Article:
CFD: The easy way to spot improvement opportunities in your datacentre

CFD: The easy way to spot improvement opportunities in your datacentre

GEOFF DENHAM

In the quest for lower operating costs, improved efficiency and zero downtime, more and more datacentre managers are using advanced modelling software to redesign their room layouts and specify new solutions.

Taking advantage of the latest computational fluid dynamics (CFD) science means you can:

  • Identify where energy is being wasted in power and cooling
  • Predict the impact of any future changes to the datacentre environment
  • Get great results without the risk of leaping into the unknown.

Setting up a CFD datacentre assessment

Best practice is to regularly audit the performance of your datacentre.  CFD needs to play a part in that process or you could delay or miss out on some significant money saving and resilience-boosting opportunities. If you’re looking to benchmark your datacentre for the first time, a CFD analysis can not only appraise your current situation, but also illustrate the benefits you’ll receive from recalibrating your environment.

These benefits include:

  • Increasing energy efficiency
  • Improving datacentre PUE (Power Usage Effectiveness)
  • Saving money on energy bills and equipment
  • Reducing fire risk
  • Avoiding expensive equipment failure.

Visualising heatmaps and airflows

So what exactly is Computational Fluid Dynamics and how does it work?

CFD effectively charts the cooling in a room and shows the airflow (air path, velocity etc.) and temperature (hot areas, cold areas), and how these are impacted by environmental changes.  This helps datacentre managers visualise the extent to which their cooling systems are being used to their optimal performance.

Some of the common applications for CFD are:

  • Determining what will happen when higher density servers are introduced, and designing ways of managing that change.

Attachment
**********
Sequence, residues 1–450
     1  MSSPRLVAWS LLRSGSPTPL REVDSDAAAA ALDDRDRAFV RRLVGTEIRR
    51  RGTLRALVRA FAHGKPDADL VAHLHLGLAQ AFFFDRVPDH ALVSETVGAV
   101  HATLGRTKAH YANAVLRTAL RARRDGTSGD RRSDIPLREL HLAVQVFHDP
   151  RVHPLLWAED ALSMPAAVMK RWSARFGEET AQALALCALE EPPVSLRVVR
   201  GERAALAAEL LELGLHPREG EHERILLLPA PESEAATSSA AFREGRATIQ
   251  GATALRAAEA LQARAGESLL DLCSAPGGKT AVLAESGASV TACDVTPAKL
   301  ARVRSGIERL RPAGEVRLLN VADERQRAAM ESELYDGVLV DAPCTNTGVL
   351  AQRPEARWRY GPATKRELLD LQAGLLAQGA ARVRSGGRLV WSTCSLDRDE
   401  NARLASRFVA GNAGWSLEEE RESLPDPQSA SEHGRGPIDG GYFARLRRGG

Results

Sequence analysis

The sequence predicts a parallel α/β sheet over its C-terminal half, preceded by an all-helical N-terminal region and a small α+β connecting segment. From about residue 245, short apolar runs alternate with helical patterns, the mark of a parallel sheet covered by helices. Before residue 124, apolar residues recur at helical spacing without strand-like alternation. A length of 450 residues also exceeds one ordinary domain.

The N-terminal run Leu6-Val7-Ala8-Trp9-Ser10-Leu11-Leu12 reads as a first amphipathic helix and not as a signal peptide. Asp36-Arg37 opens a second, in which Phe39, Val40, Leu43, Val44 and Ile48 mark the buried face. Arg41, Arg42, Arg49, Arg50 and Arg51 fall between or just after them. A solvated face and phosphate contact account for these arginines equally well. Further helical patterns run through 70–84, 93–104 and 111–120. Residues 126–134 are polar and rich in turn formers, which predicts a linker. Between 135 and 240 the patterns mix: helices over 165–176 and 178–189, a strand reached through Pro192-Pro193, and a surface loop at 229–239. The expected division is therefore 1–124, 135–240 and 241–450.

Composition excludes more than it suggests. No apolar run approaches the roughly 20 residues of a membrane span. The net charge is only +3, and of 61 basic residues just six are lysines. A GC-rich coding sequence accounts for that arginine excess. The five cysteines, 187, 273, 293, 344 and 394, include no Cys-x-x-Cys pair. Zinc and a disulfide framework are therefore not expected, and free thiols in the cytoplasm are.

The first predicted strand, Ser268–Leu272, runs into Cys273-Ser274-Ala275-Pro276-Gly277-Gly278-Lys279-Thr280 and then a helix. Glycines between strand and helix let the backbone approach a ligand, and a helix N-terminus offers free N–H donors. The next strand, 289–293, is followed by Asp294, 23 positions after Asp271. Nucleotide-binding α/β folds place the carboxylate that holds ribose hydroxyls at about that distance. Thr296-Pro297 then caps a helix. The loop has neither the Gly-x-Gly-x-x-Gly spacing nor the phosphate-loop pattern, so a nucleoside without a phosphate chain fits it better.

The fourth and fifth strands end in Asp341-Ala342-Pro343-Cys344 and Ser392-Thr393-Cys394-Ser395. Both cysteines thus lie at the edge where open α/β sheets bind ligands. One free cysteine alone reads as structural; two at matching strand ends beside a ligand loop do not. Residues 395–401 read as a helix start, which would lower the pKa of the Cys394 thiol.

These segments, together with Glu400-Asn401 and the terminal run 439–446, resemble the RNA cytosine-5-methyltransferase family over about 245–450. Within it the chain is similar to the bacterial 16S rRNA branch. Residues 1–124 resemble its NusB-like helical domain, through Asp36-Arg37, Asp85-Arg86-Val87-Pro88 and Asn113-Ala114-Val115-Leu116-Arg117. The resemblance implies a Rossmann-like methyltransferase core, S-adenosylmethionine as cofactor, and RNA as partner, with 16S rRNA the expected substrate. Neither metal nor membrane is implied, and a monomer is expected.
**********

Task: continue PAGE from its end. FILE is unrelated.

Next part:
• Eliminating ‘hotspots’ that pose a danger to the longevity of IT equipment, or risk exceeding its thermal cut-off limit (where equipment shuts down in order to protect itself).
  • Working out how PUE can be reduced, whether through inexpensive ‘tweaks’ or by larger structural or management changes, and providing hard evidence for those investment decisions.
  • Gaining an all-important extra layer of insight into datacentre performance that conventional monitoring tools are unable to provide.

Comtec uses some of the most intelligent software capabilities available, and has the ability to monitor and report on “real time” readings to ensure greater accuracy.  There are other, more general CFD tools available in the market but the best approach is to use one that is explicitly designed for datacentre environments only (unless you have an aircraft engine you want to analyse as well!).

Our consultancy offering regularly uses these tools to support clients who either wish to implement change, or want to examine what the effect of that change will be.

A recent example of this was for a major global research and publishing company and its two core datacentres based in the UK. You can read the full case study here.  CFD was used as part of a multifaceted project to successfully reduce its PUE ratio from 2.9 to 1.6, cut operating costs by 40% and slice its carbon footprint almost in half.

But the biggest value the customer got from CFD was the ability to show-and-tell the science behind the project – and the evidence for its success – among key internal stakeholders. This has led them to better understand the contribution its datacentres now make toward the firm’s corporate sustainability commitments.

There are plenty more examples, so please contact me if you’d like to learn more about how Comtec provides CFD capabilities and the benefits it can deliver to your business.